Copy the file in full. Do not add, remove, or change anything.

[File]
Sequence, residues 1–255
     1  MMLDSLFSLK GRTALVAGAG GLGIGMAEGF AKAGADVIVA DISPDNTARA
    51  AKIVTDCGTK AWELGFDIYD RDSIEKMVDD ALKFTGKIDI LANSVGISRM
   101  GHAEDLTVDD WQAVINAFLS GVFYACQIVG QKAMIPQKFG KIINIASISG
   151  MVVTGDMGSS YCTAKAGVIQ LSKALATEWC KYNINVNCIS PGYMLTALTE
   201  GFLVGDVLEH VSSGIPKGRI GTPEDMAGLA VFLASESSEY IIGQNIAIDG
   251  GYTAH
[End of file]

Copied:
Sequence, residues 1–255
     1  MMLDSLFSLK GRTALVAGAG GLGIGMAEGF AKAGADVIVA DISPDNTARA
    51  AKIVTDCGTK AWELGFDIYD RDSIEKMVDD ALKFTGKIDI LANSVGISRM
   101  GHAEDLTVDD WQAVINAFLS GVFYACQIVG QKAMIPQKFG KIINIASISG
   151  MVVTGDMGSS YCTAKAGVIQ LSKALATEWC KYNINVNCIS PGYMLTALTE
   201  GFLVGDVLEH VSSGIPKGRI GTPEDMAGLA VFLASESSEY IIGQNIAIDG
   251  GYTAH